Johnson Museum at Cornell

Johnson Museum at Cornell

 

Fall is traditionally the time of year when a city’s galleries and museums come fully alive after the respites of late summer. Ithaca, with its compact but vital exhibitions scene, is no exception.

The easiest way to get a feel for our local downtown art spaces is to attend one of the Downtown Ithaca Alliance’s “Gallery Night Ithaca” events, held on the first Friday of every month. The “night” (running from 5 to 8pm) features numerous opening receptions, held in both formal galleries and more casual venues. Most are within quick walking distance of the Commons. (See the Gallery Night website, https://gallerynightithaca.wordpress.com/, for more details.)

A member-run cooperative founded in 1989, the State of the Art Gallery (at 120 West State Street) is Ithaca’s oldest independent gallery. This month brings “Textures: Patty Brown and Ileen Kaplan (September 4 through 29) featuring abstract-leaning work by two members. Next month (October 2 through 27) will pair landscapists Diane Newton and Patty Porter. November (October 30 through December 1) will feature new members while the following month (December 4 through 29) will be an annual open-call juried show.

Over on the opposite side of the Commons, The Community School of Music and Arts and the Ink Shop Printmaking Center (both at 330 East State Street) form a comparable cultural anchor.

A venerable arts school, the CSMA puts on regular exhibitions in its front lobby. Carrying over from last month, their current “Faculty Show” (through September 27) features work from their diverse and talented teaching staff – many of them rarely exhibited in town.

Following a short vacation, the Ink Shop will be reopening to the public with “Tokyo Geijutsu Daigaku: Contemporary Tokyo Printmakers and Mid Century Modern Architects from Geidai” (September 6 through October 30). Featuring graphic art from architects and printmakers at the Tokyo University of the Arts, the show was headed by Shop member and University alumna Kumi Korf. A “Talk Print” event featuring show artists will be held on September 7 from 3 to 5 pm.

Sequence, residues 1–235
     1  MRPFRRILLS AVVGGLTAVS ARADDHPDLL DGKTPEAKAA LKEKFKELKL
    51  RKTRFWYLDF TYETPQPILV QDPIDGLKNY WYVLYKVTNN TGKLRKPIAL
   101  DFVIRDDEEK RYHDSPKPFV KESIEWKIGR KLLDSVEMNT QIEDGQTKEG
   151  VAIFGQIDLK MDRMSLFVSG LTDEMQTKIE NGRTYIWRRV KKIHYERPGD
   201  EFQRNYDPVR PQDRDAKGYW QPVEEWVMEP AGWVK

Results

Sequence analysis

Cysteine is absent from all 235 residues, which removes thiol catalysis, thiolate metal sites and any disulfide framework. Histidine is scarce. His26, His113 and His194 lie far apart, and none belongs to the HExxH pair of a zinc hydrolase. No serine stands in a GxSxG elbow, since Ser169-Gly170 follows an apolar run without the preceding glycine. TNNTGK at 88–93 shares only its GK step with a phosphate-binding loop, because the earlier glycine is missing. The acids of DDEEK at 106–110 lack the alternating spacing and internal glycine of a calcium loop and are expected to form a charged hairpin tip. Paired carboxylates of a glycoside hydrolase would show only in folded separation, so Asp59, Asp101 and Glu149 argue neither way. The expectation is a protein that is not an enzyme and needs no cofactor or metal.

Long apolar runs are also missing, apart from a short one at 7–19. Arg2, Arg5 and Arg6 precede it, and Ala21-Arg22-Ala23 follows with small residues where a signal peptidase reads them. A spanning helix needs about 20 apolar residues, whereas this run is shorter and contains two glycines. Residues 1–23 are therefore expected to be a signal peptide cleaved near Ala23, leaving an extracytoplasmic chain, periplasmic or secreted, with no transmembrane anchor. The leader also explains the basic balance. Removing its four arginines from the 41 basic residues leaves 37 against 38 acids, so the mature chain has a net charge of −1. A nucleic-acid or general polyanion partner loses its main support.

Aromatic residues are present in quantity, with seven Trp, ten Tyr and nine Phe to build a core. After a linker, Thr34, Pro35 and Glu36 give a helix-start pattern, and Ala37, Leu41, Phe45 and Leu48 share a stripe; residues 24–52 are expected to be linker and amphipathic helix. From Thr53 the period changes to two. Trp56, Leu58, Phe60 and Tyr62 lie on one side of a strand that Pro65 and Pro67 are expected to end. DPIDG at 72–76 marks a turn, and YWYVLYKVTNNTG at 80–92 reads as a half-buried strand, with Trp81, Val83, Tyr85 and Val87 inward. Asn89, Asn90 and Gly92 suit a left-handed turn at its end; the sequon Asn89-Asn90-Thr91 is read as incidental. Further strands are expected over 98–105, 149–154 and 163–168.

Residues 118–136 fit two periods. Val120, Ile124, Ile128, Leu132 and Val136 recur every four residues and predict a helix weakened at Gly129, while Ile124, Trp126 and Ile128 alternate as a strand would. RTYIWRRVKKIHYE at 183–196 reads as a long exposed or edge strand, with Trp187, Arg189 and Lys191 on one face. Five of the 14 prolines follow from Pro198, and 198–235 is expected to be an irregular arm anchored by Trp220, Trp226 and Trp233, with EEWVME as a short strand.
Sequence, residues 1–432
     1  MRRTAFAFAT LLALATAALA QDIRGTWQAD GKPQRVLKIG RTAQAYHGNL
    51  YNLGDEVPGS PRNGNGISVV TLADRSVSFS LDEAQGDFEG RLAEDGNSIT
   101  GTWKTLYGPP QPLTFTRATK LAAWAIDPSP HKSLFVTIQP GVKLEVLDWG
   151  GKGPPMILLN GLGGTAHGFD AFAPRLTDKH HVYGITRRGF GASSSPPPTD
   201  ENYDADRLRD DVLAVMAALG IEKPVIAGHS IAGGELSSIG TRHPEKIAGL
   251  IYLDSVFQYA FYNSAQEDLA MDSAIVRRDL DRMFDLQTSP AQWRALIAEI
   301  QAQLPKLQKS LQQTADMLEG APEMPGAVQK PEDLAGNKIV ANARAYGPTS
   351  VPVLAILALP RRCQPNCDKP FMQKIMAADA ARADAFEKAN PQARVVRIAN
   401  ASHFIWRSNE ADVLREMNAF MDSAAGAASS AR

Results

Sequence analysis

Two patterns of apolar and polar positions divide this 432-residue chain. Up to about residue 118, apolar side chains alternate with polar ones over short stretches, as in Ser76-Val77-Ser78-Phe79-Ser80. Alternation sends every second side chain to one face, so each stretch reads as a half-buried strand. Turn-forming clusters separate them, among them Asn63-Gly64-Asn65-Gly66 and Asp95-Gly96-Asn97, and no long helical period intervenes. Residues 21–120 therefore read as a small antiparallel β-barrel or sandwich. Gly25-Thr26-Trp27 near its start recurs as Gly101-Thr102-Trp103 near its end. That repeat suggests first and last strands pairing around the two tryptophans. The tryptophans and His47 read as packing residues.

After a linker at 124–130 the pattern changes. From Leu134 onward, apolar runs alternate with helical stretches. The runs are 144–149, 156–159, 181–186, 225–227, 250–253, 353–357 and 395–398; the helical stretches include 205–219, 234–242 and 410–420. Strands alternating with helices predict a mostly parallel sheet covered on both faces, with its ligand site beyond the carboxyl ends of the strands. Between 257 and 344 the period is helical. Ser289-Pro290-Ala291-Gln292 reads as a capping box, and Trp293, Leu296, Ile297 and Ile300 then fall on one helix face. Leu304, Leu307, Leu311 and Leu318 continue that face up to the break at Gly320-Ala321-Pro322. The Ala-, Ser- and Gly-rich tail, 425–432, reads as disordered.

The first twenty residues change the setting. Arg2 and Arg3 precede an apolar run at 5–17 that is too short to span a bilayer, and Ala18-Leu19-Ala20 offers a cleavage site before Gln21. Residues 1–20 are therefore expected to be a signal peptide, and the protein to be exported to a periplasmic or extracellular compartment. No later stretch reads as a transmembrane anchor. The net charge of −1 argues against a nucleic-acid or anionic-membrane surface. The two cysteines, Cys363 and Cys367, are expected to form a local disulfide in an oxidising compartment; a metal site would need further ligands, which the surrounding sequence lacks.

The Shop will also be putting on “20/20 Hindsight: 20 Years in Prints and Books” (November 1 through January 24), a celebration of two decades as Ithaca’s independent printmaking studio. The exhibit will feature work by current and past members, students, and collaborators.

Both Ithaca College’s Handwerker Gallery (1170 Gannett Center) and Cornell’s Herbert F. Johnson Museum of Art (114 Central Avenue) are putting on what promise to be eclectic exhibitions of contemporary art organized around distinctly au courant topics.

At the Johnson, contemporary curator Andrea Inselmann is known for her thematic extravaganzas – put together every few years – typically featuring a funhouse-like “post-medium” approach. As often in the past, “how the light gets in” (September 7 through December 8) will fill all of the museum’s temporary exhibitions spaces. According to the publicity material, this will be “an exhibition about the movement of people across the globe and the welcome cracks that develop in our notions of borders and nation states.”

Handwerker director Mara Baldwin brings a kindred sensibility to her post. Opened last week, “ambiguous territory: architecture, landscape, and the postnatural” (August 28 through December 15) a travelling show curated by David Salomon, Cathryn Dwyre, Chris Perry, and Kathy Velikov. It aims to “highlight…the synthetic and surprisingly efficient ability of art and design to reveal what is ubiquitous but often invisible in our cultural and physical climates.

Each show will be accompanied by a variety of special programming. (Pick up a printed program or see https://museum.cornell.edu/ and https://www.ithaca.edu/handwerker-gallery for further details.)

And – almost off the map – there’s Corners Gallery in Cayuga Heights (903 Hanshaw Road), another important destination for the art curious. Owned and run by Ariel Bullion-Ecklund, the frame shop cum gallery dexterously balances local and non-local art. Representing the former, Kadie Salfi’s “Sweet Tender Love” (September 5 through October 5) will be “a nostalgic celebration of her grandparents,” explored through a Warhol-esque “mix of photo-based imagery, collage, painting, ceramics, and marble.”

Ithaca’s Saltonstall Foundation for the Arts provides annual retreats for New York State artists and writers. ”Intricate Universe: Thea Gregorious/Paula Overbay/Jayoung Yoon” (October 8 through November 23) features Saltonstall alumni whose work, in various media – fashionably – explores intricate process and microcosmic imagination.

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